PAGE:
June 16, 2016 - July 5, 2016
Federico Aguilar Alcuaz
Makati Shangri-La Manila
“Among the singular facts of Alcuaz’s virtuosity is his ability to shift instantaneously from figurative painting to something totally abstract. Apparently, his musical aficionis more than helpful, but even more so his thorough grounding on the fundamental principles of art. He painted hundreds of abstract symphonies --- often, even evolving from his even more portable idea pieces but always, in definite suites --- their particular temper and sensibility.” Thus the late critic Dr. Rod Paras-Perez, a good friend and biographer of National Artist Federico Aguilar Alcuaz.
Beyond these singular facts lies a reality, however, not often acknowledged, if at all recognized: that among the great Filipino contemporary artists, it is Alcuaz who has completely absorbed and imbibed the European aesthetics of landscape and still life painting. Not in any artificial or posturing manner, inconceivable certainly as an act of affectation, for in the works executed by Alcuaz in Barcelona and Madrid, in Brno, Czechoslovakia, in Paris, Austria or Germany, there are none of the tropical resonances of the country he hailed from, but rather works profoundly moved by the art of Picasso, Matisse, Braque, and Miro.
More telling is the accomplished fact that many of Alcuaz’s major works are of still lifes and domestic interiors, which the art of the French master Matisse embodied, and more intriguingly, the “odalisques,” homages to languorous Moroccan women in exotic costume, lolling in repose, have found their equivalent in Alcuaz’s more modest “Tres Marias” in their festive and colorful attire, whose origin are the pretty waitresses of the hotel where Alcuaz had resided for years, upon his return to his own country. And as a draughtsman, Alcuaz was well nigh indefatigable, as attested by the voluminous production of canvasses and works on paper he had left after his sad demise.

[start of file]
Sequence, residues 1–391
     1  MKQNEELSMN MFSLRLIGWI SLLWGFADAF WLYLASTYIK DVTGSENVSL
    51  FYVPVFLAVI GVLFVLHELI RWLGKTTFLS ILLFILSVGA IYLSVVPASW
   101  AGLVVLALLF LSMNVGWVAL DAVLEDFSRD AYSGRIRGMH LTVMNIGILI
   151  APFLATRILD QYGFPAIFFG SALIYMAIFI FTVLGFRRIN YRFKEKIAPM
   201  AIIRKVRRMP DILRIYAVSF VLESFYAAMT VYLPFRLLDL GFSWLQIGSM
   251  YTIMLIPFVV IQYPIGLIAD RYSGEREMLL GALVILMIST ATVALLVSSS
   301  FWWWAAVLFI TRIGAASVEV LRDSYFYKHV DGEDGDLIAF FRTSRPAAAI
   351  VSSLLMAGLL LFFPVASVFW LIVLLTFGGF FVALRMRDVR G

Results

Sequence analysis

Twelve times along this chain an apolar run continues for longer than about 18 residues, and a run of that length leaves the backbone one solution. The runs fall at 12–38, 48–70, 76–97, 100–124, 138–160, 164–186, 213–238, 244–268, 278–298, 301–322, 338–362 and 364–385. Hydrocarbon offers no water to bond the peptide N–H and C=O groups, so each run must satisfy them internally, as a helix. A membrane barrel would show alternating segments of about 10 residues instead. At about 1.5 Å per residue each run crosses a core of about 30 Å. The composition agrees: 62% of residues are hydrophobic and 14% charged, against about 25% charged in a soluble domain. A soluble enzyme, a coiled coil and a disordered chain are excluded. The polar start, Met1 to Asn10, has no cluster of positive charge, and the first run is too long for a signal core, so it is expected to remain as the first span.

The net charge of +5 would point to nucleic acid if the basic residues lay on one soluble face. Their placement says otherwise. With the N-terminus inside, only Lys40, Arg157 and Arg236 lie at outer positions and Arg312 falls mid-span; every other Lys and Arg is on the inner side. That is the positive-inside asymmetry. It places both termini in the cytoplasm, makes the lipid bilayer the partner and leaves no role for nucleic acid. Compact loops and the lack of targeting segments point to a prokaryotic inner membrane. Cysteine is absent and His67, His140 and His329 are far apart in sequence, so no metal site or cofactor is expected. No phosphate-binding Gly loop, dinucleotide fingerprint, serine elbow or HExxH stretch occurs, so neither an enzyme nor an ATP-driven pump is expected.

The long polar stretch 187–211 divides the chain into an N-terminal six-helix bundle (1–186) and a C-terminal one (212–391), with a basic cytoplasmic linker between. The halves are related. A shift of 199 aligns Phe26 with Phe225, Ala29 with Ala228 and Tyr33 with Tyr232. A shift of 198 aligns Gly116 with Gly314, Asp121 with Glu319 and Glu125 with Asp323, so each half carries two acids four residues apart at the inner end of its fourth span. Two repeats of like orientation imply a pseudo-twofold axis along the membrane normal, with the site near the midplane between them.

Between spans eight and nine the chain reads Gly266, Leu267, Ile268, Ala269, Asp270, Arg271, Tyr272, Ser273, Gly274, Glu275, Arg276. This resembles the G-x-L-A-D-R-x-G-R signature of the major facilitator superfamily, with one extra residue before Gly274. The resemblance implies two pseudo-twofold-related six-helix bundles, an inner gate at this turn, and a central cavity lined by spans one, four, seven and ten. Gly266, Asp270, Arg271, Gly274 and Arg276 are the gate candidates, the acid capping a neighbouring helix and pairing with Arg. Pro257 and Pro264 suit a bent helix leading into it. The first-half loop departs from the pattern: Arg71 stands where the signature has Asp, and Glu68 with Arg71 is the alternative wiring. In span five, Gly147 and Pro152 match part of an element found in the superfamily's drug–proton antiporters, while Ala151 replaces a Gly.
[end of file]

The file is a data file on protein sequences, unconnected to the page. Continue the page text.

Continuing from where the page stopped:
The suite of works on exhibit, titled “Encuentros” at the Makati Shangri-la Manila, organized by Hiraya Gallery, is appropriate, for Alcuaz often ascribed the word (meaning, of course, encounter) as a title to his tapestries. No matter that the word encounter may suggest something hostile or adversarial, even considering that a confrontation is at hand, or that we are made uneasy by unplanned, and unexpected chance encounters: all that has to do with human weakness and vicissitudes.
But when the word encounter is applied to an art experience, then we enter into a total different realm or region, since the word is evocative of adventure and discovery. Alcuaz himself was a testament to the excitement of an encounter between himself and his material; between color and form; between stark black and sheer white; between reality and illusion. In art, tension between opposing forces is always an exhilarating experience.
“Encuentros” then is a sampling of Alcuaz’s pictorial fecundity, so swiftly does his brush careen across the pristine whiteness of the paper, with the wet ink and colored pigments joyously abounding in their gestural fluidity. Always, there is a natural, seemingly effortless rhythm to the movement and flow of the brush, where the thick black lines daringly meander into unexpected, unconventional formal relationships, as if they had a mind of their own. These brushstrokes alert us to the possibility of forms emerging and emanating from crucial and felicitous intersections, possibly puzzling to a rational eye, demanding logic in everything, but perfect and pleasurable in their illusion and feeling of, say, a plate of luscious lemons on a table, a twilit promenade by the pier, the interior space of a private assignation, a garden littered with leaves and dense with foliage and vegetation, silhouettes of human figures that vanish at the moment they appear, and all these miraculously conceived simply by color and line. Teetering between figuration and abstraction, an image unfolds before our eyes, but it is at the behest of the heart and mind to determine what we have seen and felt. How richly do Alcuaz’s brushstrokes take possession of our imagination!
An encounter, in real life, may just happen by chance, but in the art of Federico Aguilar Alcuaz, an encuentro, from the start, is a self-willed and predestined moment.
----Cid Reyes, Art Critic